Child Care

Dental Care for Babies and Toddlers

Tools & Advice:

Dental Care for Babies and Toddlers Share

You may not think of oral care as necessary for a baby who hasn’t started teething, but good infant oral hygiene should begin even before any teeth have emerged. Early childhood caries – or tooth decay – has become more common and can lead to a greater risk of cavities later in permanent teeth. To help keep your child’s pearly whites shining bright, follow the below tips.

For Babies:
Use a specially designed infant gum cleaner or soft cloth and water to clean your baby’s gums.

Do not allow continuous access to milk, juice, formula or other sugary drinks in a bottle or a toddler cup. If a bedtime bottle is part of your baby’s routine, it should only contain water.

Once teeth begin to emerge, brush them each day with soft toothbrush. If your town water is fluoridated, this should be enough. If your town water is not fluoridated and you are thinking of using toothpaste before the age of two, you should consult with your pediatrician or dentist first.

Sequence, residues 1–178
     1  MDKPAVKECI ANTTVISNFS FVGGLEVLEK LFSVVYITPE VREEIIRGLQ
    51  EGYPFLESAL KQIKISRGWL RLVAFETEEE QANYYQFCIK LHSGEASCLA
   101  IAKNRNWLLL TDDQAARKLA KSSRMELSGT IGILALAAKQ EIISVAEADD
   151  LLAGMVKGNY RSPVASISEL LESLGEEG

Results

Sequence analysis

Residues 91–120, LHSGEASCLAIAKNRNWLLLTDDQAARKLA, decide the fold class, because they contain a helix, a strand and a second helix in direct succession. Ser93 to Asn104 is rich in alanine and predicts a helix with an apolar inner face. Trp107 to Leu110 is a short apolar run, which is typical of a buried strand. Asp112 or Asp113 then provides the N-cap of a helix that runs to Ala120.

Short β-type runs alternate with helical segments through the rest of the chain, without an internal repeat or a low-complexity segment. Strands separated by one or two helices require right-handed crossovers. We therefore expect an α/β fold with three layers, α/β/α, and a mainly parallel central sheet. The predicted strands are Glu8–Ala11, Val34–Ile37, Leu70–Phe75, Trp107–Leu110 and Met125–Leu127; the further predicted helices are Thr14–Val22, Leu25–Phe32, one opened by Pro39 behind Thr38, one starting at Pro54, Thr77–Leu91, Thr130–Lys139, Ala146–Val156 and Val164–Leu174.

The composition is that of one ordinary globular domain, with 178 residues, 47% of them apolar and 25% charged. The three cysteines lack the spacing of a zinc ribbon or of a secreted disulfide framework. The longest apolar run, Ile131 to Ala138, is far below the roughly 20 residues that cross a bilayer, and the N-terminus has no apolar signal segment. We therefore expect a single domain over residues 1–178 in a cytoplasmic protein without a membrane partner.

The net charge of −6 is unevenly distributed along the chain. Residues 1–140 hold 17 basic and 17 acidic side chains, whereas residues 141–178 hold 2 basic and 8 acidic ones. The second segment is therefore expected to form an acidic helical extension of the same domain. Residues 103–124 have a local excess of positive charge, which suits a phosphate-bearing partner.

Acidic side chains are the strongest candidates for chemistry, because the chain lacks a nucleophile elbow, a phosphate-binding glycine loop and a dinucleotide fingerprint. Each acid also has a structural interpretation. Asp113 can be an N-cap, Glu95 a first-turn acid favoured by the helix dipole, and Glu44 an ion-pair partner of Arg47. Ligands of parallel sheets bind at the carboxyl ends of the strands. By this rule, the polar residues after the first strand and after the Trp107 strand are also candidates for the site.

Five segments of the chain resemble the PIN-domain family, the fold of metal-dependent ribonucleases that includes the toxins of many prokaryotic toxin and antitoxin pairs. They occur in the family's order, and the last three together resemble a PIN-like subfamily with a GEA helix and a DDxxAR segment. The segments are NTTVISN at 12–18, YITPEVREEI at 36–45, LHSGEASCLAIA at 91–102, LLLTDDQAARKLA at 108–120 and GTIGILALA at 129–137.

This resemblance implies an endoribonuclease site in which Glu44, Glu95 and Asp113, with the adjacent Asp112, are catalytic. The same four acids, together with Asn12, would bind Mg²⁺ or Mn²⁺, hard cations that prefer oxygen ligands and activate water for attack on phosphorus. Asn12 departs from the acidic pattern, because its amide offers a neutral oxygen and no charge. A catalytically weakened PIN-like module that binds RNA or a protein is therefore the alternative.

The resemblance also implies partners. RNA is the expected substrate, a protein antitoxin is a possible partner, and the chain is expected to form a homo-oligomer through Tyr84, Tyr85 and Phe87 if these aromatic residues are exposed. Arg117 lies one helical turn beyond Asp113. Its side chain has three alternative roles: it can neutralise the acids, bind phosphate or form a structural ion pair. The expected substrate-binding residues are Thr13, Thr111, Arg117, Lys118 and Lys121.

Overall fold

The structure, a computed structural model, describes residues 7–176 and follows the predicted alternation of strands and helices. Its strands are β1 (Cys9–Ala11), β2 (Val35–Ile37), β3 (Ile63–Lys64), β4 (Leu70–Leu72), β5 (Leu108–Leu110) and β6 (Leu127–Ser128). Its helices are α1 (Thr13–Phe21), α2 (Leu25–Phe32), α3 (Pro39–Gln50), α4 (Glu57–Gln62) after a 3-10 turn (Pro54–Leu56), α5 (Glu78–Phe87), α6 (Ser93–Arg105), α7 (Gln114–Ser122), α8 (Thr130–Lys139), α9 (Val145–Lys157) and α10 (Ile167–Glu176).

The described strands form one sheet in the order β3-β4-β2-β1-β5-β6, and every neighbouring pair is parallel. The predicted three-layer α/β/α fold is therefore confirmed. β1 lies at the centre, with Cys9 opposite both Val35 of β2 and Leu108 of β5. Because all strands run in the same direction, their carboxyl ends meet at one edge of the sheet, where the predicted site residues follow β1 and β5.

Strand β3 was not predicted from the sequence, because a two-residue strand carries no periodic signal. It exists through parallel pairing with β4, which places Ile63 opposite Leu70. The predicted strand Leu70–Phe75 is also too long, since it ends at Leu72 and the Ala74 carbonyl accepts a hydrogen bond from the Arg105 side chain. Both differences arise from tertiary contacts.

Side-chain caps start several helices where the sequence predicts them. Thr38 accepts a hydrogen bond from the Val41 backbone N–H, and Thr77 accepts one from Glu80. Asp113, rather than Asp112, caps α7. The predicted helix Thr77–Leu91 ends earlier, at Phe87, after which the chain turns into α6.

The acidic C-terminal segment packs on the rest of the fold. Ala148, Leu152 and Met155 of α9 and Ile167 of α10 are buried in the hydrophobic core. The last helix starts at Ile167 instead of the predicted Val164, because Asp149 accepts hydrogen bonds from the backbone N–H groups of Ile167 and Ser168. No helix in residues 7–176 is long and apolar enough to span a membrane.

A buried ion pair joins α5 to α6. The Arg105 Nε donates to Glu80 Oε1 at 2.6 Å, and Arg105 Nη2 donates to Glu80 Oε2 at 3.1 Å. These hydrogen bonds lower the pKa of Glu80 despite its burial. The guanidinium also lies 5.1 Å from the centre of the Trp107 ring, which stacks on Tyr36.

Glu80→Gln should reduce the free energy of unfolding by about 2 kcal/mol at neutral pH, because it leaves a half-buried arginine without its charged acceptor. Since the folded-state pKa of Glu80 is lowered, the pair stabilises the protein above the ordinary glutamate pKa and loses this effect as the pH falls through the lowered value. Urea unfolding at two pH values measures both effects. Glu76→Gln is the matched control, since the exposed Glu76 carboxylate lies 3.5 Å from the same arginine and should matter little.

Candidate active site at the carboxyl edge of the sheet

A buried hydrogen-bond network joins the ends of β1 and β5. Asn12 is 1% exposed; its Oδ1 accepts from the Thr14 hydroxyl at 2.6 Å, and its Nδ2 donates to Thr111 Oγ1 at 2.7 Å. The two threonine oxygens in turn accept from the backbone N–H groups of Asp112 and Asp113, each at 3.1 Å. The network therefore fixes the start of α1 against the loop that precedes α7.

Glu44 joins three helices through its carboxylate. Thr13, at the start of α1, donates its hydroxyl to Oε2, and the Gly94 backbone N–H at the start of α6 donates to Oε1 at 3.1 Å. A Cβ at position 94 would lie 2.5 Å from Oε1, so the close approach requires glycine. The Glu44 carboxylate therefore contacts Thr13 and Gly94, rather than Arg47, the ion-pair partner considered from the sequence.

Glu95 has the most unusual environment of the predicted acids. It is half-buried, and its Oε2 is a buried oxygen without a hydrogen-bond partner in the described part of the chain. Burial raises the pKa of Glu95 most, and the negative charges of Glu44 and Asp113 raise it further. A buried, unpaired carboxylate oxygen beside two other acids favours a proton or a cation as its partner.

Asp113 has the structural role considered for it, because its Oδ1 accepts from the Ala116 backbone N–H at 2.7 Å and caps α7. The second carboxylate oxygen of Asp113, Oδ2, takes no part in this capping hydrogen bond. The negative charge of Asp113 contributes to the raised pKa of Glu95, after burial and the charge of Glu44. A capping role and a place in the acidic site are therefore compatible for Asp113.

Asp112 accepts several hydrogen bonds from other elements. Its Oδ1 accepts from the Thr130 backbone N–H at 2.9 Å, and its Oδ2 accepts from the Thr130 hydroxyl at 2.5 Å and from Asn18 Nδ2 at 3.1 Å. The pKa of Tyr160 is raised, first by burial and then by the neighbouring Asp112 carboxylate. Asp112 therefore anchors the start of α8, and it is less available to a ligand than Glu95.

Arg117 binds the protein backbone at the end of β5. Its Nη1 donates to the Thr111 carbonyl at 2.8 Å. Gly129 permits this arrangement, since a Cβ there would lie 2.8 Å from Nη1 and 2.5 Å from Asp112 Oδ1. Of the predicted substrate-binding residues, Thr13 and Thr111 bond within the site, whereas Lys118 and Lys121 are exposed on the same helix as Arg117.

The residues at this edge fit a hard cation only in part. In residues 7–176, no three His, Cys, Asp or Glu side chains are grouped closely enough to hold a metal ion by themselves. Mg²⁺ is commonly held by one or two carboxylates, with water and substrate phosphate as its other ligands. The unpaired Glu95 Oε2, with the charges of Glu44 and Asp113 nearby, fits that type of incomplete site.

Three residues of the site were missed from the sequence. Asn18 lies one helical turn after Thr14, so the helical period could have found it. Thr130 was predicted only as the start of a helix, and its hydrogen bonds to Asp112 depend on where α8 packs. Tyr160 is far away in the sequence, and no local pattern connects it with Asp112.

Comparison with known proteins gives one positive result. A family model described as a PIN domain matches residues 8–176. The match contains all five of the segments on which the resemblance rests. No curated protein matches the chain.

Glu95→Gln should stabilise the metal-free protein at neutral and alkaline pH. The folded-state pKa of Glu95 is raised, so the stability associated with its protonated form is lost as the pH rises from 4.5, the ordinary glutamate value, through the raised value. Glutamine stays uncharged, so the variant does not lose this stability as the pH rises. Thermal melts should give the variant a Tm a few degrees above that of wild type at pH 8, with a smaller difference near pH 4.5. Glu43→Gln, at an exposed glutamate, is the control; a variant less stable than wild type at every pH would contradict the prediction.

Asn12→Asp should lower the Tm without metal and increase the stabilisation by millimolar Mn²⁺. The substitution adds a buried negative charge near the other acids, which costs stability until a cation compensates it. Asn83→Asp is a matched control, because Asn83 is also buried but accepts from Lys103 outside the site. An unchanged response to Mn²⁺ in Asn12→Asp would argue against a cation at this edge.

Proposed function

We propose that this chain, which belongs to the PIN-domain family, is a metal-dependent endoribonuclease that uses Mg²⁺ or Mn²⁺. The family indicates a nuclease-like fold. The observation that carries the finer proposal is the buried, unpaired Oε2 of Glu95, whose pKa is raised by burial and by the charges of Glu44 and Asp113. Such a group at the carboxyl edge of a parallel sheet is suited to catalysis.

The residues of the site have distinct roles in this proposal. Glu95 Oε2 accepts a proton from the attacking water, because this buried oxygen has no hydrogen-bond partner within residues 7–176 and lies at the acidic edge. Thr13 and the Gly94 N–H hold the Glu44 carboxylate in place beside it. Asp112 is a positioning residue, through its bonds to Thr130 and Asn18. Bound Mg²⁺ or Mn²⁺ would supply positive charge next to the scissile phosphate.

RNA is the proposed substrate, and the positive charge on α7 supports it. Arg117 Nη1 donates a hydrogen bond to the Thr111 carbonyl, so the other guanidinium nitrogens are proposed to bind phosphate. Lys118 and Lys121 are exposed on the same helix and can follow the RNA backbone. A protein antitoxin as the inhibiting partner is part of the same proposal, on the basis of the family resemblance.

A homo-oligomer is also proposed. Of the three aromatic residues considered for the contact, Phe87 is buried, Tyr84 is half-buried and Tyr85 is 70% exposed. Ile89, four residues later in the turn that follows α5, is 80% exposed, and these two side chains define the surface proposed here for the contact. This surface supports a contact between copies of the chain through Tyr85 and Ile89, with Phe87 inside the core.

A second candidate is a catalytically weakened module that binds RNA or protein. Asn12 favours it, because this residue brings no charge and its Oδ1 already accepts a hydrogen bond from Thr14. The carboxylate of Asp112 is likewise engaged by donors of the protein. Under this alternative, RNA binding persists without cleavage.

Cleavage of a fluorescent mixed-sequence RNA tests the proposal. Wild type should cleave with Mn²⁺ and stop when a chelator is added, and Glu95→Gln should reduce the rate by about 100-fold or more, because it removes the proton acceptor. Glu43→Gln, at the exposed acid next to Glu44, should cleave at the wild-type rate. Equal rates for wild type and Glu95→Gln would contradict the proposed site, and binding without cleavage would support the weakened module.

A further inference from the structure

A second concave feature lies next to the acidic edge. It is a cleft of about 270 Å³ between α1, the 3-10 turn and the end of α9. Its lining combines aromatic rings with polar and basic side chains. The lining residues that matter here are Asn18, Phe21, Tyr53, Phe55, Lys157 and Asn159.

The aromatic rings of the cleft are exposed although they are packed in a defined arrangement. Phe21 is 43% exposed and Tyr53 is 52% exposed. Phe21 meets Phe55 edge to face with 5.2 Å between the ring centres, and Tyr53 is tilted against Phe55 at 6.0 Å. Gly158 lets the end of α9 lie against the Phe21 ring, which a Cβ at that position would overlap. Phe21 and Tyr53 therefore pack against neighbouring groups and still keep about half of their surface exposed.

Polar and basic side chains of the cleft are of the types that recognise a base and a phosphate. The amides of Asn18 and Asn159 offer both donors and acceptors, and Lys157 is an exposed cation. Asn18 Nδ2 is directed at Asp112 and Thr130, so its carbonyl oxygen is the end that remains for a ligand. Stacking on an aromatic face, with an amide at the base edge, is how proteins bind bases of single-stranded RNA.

The American Dental Association recommends first going to a dentist after teeth begin to emerge or when your baby reaches one year. This first visit is similar to a well visit that you make to your pediatrician. The dentist will be able to check that the gums and new teeth are healthy and also demonstrate proper cleaning procedure.

For Toddlers:
One way to instill good habits is to make brushing part of your child’s bed time routine. Take this opportunity to brush your own teeth with them. Children learn by example, and toddlers are often eager to imitate their parent’s actions.

Watch to be sure that only a pea-sized amount of toothpaste is being used. Also watch to ensure your child is not swallowing the toothpaste. You can help teach them to spit out the toothpaste and rinsing water by making it into a game. Have them test their aim by seeing if they can hit the drain in the sink.

Snacking frequently during the day or having late-night snacks, especially if they occur after night time tooth brushing, are not ideal and can lead to cavities.

Food choice is important for all ages. Vegetables, fruits, whole-grain breads and low-fat dairy products are great for your whole family; both for their overall health and their dental health.

Most children will be able to brush by themselves by the time they’ve reached the age of 6, but it’s never a bad idea to do a breath check before bed to make sure their mouths are smelling minty fresh.